February 20, 2020

What to do when you disagree with your family during wedding planning

I took a little poll a few weeks ago to see which blog post topics people would find most helpful. I had the usual options listed: photography tips, general wedding planning tips, budget ideas. Then I threw in “how to deal with family disagreements over planning.” When I checked back in later, I was super surprised to see that it was the topic people were voting for the most. It seemed that family arguments while wedding planning are super common.

I was also getting messages from stressed-out couples who weren’t sure how to please their parents while still also doing what they wanted. “We would have just eloped” was mentioned a few times.


Wedding planning can be emotionally difficult: not only are you responsible for planning this big party (which you most likely have never done before), but you’re dealing with a lot of high emotions from family and friends. Everything seems to get magnified around this time, and little insecurities can become the basis for larger disagreements.


I was very lucky to have help from a real live therapist, Julia Tsakalis, for this blog post, so hope you get something useful out of it! I shot Julia’s wedding a few years ago, and we’ve kept in touch as her family therapy business has grown. I knew she’d be perfect for this. My questions for her mostly revolved around compromise and how to deal with disagreements overall, because when it comes down to it I think people really just want to feel included and understood during planning. I’ll chime in from the peanut gallery since I’ve worked with so many couples and have seen a lot of different family dynamics! And honestly, the happier and more relaxed you are at your wedding, the better your photos will be too. I always think it’s important to think about these things as a whole, because your emotional state does matter when it comes to the photos.


What are some general techniques that can be used to compromise, and that couples can use if their family wants something and they want something else for their wedding?

Julia: When families don’t see eye to eye on wedding plans, or on anything in general, I encourage them to practice a change in perspective. One of my favorite exercises is something I call the “10/10/10 rule” which I actually stole from businessman Warren Buffet’s decision-making strategy.  For any decision or conflict, I encourage you to ask yourself, “How important will this be in 10 minutes? 10 months? 10 years? Much of the time, the issue you are so hung up on will probably matter in 10 minutes, but not 10 months and certainly not in 10 years. If it is something that you truly believe will matter in 10 years, then I would say that is something important enough on which to stand your ground.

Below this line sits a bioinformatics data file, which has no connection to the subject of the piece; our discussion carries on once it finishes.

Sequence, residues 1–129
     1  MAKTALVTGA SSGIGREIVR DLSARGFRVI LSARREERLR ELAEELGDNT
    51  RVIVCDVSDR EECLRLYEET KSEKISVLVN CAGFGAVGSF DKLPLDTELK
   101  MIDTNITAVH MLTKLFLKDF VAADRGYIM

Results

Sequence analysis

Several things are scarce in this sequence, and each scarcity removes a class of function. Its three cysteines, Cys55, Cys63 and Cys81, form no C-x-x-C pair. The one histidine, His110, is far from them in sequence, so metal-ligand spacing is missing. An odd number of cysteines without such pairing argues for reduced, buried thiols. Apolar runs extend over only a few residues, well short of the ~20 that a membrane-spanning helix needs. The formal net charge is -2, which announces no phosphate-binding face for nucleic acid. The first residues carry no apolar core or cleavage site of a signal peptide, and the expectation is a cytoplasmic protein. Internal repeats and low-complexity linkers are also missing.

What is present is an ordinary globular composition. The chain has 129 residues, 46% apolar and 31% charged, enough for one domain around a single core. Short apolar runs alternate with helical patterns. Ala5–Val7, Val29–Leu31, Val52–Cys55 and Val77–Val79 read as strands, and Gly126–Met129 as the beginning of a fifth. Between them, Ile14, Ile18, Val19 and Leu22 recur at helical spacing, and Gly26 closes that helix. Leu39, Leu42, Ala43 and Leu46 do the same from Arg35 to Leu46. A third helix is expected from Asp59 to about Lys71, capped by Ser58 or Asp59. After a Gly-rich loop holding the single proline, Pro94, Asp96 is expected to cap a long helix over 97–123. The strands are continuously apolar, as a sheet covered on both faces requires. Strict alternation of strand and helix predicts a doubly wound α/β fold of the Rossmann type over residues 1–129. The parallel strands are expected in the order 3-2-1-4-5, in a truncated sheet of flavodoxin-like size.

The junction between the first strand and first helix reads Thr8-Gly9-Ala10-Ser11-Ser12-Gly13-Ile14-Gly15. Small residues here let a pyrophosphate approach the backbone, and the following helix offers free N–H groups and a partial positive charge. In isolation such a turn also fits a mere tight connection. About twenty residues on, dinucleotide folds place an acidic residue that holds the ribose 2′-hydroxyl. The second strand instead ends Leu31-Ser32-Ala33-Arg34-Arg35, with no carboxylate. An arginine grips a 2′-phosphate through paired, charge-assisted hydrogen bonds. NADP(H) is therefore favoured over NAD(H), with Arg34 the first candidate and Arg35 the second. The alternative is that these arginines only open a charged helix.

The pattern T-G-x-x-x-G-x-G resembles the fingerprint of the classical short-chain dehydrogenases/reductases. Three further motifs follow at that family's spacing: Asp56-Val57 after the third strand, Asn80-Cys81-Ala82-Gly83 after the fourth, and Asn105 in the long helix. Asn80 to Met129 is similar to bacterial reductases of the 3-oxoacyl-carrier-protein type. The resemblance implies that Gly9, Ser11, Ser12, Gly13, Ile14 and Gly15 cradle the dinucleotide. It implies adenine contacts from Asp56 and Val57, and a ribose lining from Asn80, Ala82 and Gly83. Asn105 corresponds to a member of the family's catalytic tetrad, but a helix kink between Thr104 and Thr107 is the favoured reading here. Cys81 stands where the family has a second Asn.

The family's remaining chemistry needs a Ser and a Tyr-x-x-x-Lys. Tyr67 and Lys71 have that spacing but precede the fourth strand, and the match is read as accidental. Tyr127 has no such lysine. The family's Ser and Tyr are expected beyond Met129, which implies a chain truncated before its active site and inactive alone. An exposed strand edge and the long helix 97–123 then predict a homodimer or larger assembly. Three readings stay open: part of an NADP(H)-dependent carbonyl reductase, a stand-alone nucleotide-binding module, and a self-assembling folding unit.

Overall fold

Kathleen: I think this is awesome. I love the idea of trying to step back and gain perspective. Some of the sweetest details I’ve seen at weddings were things that the couple hadn’t planned for–more than once I’ve had a couple point to a guest book or particular flower arrangement and say “it makes my mom happy, and I didn’t really care that much, so I said yes.” I think that’s the perfect way to let people feel included without compromising on anything huge. On the flip side, I’ve also seen couples become upset because they let a family member interfere with something that affected the experience of their day. In those cases, it probably would have been better not to budge.


How can couples deal with the pressure of having family contribute to their wedding costs, without feeling like they have to give up the things they want?

Julia: This is again where compromise comes in. How important is it to you to have every single thing you want?  There are certainly some family members with unreasonable requests, but if you can allow them a couple of the things that are most important to them then it’s likely they will be fine with you having the rest of the wedding done the way you and your partner would like.  If you have family members who have offered to pay for the wedding but are having trouble remembering that its not their wedding, it’s yours, then I would recommend that you either a) pay your own way for the wedding or b) try to get ahead of the issue by meeting with a therapist for some family therapy sessions.